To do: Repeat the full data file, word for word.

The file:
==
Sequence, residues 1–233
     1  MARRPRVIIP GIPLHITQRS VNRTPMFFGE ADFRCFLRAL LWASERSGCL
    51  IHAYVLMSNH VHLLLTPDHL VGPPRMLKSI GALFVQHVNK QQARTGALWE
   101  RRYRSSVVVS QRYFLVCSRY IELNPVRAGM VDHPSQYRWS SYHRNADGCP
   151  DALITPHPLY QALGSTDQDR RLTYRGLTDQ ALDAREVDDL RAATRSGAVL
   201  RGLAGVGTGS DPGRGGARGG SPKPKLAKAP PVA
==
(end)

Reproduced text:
Sequence, residues 1–233
     1  MARRPRVIIP GIPLHITQRS VNRTPMFFGE ADFRCFLRAL LWASERSGCL
    51  IHAYVLMSNH VHLLLTPDHL VGPPRMLKSI GALFVQHVNK QQARTGALWE
   101  RRYRSSVVVS QRYFLVCSRY IELNPVRAGM VDHPSQYRWS SYHRNADGCP
   151  DALITPHPLY QALGSTDQDR RLTYRGLTDQ ALDAREVDDL RAATRSGAVL
   201  RGLAGVGTGS DPGRGGARGG SPKPKLAKAP PVA